4. I like the person I am when I’m being respectful better than the one I am when I’m not being respectful. I’ve had plenty of the “I’m right and you’re wrong and I get to tell you why you’re wrong” approach from when I was a Christian. In order to be respectful now, I have to suspend judgment and think of things from the point of view of others. I like being that person.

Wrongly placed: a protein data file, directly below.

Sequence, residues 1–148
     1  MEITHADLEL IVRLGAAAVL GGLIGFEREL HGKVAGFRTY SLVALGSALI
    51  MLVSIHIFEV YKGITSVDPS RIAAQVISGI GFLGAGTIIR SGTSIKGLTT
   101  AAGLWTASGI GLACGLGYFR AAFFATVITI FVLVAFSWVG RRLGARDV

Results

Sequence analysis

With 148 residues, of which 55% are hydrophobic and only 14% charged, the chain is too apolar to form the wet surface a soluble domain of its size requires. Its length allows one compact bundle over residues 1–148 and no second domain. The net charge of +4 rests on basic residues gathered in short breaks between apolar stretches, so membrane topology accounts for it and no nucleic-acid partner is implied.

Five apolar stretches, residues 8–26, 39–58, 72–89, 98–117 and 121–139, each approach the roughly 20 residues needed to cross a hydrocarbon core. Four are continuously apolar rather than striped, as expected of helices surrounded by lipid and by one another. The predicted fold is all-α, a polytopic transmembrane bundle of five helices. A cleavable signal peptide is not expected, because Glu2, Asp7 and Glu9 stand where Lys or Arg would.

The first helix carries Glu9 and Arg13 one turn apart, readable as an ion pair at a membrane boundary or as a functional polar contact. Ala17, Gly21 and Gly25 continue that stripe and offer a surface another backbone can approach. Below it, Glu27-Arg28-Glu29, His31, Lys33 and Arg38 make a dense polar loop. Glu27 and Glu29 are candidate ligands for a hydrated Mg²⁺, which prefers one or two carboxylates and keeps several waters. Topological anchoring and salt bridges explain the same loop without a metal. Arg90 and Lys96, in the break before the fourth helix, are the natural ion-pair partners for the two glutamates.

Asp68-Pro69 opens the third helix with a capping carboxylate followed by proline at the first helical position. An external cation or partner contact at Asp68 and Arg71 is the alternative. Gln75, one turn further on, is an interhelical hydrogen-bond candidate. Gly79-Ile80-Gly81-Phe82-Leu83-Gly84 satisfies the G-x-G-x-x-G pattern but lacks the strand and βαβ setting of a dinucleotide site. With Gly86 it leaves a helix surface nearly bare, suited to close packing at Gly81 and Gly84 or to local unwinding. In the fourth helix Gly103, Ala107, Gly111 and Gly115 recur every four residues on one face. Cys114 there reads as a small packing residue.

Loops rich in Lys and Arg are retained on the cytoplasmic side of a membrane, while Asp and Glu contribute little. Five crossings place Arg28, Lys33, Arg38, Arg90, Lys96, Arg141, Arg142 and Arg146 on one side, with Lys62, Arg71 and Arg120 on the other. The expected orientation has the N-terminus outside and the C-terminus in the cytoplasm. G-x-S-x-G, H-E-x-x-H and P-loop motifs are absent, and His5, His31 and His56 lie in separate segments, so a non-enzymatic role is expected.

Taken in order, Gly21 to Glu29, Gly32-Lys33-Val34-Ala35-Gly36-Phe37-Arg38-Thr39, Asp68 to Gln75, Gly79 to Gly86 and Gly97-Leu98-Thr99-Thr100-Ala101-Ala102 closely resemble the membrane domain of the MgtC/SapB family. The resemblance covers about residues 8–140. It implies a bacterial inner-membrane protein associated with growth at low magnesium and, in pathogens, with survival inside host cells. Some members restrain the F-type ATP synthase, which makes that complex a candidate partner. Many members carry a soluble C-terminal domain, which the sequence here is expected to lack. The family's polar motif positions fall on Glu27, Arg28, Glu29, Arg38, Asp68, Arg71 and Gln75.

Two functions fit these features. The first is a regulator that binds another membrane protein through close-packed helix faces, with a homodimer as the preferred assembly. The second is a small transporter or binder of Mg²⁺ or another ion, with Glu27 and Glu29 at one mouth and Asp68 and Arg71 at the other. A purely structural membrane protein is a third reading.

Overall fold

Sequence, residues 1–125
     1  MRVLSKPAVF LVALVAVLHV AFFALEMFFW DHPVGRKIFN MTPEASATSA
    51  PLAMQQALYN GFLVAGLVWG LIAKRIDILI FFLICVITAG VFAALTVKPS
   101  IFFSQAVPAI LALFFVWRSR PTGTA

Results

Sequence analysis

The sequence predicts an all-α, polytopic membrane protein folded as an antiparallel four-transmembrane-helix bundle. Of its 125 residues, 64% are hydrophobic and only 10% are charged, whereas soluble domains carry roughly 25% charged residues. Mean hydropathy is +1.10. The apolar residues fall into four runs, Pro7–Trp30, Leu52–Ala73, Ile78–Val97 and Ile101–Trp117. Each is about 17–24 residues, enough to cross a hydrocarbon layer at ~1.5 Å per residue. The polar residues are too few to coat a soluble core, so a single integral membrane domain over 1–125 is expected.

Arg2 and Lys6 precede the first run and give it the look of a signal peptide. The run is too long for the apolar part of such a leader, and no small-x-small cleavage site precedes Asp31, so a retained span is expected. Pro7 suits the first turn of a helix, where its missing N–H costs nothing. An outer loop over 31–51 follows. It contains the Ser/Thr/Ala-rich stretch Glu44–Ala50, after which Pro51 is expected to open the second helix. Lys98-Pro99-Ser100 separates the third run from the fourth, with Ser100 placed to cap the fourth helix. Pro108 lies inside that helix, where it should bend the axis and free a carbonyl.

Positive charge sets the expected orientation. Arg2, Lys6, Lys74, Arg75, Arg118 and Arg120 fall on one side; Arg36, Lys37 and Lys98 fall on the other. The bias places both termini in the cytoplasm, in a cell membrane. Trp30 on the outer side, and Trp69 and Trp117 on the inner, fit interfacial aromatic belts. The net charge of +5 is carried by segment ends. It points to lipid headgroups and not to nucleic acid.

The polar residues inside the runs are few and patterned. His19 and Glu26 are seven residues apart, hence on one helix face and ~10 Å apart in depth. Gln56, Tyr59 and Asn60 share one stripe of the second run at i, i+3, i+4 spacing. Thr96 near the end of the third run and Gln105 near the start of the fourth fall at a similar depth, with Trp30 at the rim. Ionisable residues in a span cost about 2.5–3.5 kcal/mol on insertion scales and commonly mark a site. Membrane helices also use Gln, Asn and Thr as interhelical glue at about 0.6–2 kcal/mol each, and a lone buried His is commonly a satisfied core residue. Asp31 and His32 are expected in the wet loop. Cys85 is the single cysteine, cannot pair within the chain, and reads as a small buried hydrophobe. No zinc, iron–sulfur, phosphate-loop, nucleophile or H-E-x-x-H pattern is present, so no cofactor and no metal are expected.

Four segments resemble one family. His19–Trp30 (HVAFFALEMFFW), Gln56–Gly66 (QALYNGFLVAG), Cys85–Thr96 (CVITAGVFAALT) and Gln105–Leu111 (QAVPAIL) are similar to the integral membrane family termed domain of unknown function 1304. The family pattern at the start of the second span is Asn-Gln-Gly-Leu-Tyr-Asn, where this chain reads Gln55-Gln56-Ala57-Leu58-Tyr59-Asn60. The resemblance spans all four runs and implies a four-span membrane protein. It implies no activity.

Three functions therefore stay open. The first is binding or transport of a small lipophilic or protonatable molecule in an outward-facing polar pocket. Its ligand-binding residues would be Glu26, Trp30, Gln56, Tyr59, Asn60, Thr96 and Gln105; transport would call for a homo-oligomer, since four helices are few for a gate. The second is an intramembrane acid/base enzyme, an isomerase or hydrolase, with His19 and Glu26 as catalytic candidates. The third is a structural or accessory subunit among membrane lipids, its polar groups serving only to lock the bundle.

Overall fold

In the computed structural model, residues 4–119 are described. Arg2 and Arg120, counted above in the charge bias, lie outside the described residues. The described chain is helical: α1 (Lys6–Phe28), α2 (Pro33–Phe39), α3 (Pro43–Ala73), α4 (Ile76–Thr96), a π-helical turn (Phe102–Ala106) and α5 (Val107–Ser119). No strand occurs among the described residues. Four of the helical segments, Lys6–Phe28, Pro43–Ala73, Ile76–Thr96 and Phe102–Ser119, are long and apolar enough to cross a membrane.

5. Being disrespectful isn’t actually all that conducive to a good exchange of ideas, shockingly enough. Ideas flow much more freely when people feel they won’t be judged for them. There are more ideas that can be found in a discussion on religion than just arguments and counterarguments. There is information about culture, history, ethics, and the individual’s personality, for example. Its also easier for me to share things like why the idea of no god or afterlife doesn’t utterly terrify and depress me. That’s what ecumenical/progressive/spiritual people mean when they talk about religions as a rich tapestry of perspectives. Sure, some of them probably literally think that all religions have some literal truth to them, but that’s just another area where I can state my views, politely. “I think when it comes to statements like the number of gods or the existence of an afterlife, not everyone can be right, but when it comes to ethics and philosophy all religions have something interesting to say.” I like being able to hear those interesting things without insulting the person or agreeing with them.